Groundbreaking progress and political challenges for SDG localization after LDA-SI grant program

Written by TReNDS Staff

In 2018 and early 2019, SDSN’s Local Data Action Solutions Initiative (LDA-SI) supported organizations around the world in localizing the global Sustainable Development Goals (SDGs) framework to their regions. The participants used microgrants awarded by SDSN to align existing sustainability plans and local monitoring with the SDGs’ targets and indicators, and vice versa.

Since the conclusion of the grant period, some participants have seen their work take on new heights and dovetail with other efforts to localize the SDGs, while other participants have been challenged by difficult political climates and other factors. Read on for updates from the grantees. 

In Aruba, the Aruba Data Index (featuring TEEB localized indicators) has been approved by the Department of Nature and Environment and is in the process of being incorporated within the National Strategic Plan 2022 (NSP). The National Strategic Plan is being developed by the Department of Economic Affairs, with the indicators being incorporated through expert working groups and with support from the Aruba National SDG indicators working group (guided by the Central Bureau of Statistics). Additionally, the Aruba Online Dashboard – which is being managed by the Department of Nature and Environment – is in its last stage of development and will be embedded in that department’s website.

In Brazil, the LDA-SI program lead reports that the national political stage has challenged progress in further sponsorship for the localization program, and resulted in most NGOs are struggling to find resources to continue their own work. Thankfully, conversations to expand this work to other regions besides Belo Horizonte have continued, though nothing is confirmed yet. In the future, the program plans to engage with local hubs that are furthering research and solutions in sustainable development, notably through the SDG Center in Bogotá, Colombia.

The past year and a half of Red de Ciudades Comó Vamos’s work in Colombia is culminating in an event slated for October 2019, overviewing the network’s efforts and launching its dashboard. Additionally, the network’s programs across the country are currently undertaking a strong push advocating for the SDGs to be included in their cities or municipalities four-year development plans. These will be put together from October through February and approved by May 2020.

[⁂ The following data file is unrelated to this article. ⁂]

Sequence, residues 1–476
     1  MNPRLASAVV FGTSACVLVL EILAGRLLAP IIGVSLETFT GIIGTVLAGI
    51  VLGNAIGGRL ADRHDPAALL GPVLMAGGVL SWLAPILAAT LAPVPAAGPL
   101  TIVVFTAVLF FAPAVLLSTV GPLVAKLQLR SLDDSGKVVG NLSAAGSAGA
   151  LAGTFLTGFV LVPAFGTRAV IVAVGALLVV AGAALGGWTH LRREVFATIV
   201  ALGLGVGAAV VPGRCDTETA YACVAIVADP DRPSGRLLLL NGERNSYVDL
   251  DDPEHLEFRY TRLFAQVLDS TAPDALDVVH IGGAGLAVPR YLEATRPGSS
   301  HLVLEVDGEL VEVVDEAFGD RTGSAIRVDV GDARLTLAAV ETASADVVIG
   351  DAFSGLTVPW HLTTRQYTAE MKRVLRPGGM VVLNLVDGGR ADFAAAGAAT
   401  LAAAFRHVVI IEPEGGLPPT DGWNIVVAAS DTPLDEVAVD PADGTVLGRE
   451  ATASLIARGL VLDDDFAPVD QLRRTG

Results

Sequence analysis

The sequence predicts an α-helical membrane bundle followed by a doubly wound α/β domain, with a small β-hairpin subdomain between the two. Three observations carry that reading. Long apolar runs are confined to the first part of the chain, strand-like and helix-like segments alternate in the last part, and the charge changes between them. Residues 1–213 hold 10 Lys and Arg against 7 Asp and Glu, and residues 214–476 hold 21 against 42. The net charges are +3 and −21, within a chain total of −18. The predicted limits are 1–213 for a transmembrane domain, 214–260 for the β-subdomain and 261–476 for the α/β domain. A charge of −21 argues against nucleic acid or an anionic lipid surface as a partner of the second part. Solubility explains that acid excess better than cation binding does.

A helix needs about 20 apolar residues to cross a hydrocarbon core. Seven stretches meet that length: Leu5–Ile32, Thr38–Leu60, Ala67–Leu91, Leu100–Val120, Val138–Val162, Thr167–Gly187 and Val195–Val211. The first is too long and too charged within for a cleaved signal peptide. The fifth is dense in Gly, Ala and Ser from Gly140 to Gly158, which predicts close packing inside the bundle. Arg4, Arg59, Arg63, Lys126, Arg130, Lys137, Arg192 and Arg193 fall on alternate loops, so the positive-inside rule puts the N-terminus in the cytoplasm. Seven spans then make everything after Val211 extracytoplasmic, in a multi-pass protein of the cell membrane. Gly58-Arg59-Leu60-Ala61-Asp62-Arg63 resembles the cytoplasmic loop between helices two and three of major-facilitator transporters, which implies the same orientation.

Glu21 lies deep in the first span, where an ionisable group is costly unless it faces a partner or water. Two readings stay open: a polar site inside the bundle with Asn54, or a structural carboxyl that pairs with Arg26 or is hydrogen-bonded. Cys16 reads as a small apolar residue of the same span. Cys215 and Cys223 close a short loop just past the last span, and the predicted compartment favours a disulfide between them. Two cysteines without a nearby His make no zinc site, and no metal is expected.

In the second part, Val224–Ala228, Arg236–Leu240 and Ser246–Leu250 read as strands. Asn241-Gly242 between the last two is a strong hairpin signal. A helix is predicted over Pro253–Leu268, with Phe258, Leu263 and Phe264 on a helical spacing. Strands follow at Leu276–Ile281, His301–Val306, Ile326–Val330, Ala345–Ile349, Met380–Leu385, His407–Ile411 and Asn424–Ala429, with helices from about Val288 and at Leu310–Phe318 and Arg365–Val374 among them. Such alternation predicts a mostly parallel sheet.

In England, the Bristol team’s has seen massive success, contributing significantly to the city’s July 2019 Voluntary Local Review – the UK’s very first. It includes analysis of over 140 indicators. You can read much more about their efforts here and via the University of Bristol.

In India, the grant provided to the Community Systems Foundation (CSF) gave that team the opportunity to engage in dialogue with the city of Patiala on the localization of SDGs and, in the words of the project team, was “a huge learning opportunity.” They have seen interest from other countries and states of India in this type of work, though CSF has not yet engaged in a new project leveraging the learnings of Patiala.

In the USA, the City of Los Angeles joined Bristol, England in producing a Voluntary Local Report in July 2019. It also has launched a Data Reporting Platform, built with the open source code forked from the USG platform with assistance from Center for Open Data Enterprise, which has so far reported data on over 41 indicators. This represents coverage of 52% of the 78 indicators in the city’s top 5 priority goals (5,8,11,13, and 16). According to the Center for Open Data Enterprise, this makes Los Angeles the first city/local government to use the open-sdg code to report SDG data at the indicator level.

The Aruba, Brazil, and India teams also presented on their work to the SDSN Sahel network in Dakar, Senegal in April 2019. Jeeveeta S. Agnihotri of CSF writes of the experience, “When we presented this approach in Dakar, it generated huge interest from [the network], as this was seen as a great way to initiate SDG-related discussions from the lowest geographical level, hence strengthening the bottom to top approach.”

For more on the work of the Local Data Action Solutions Initiative, visit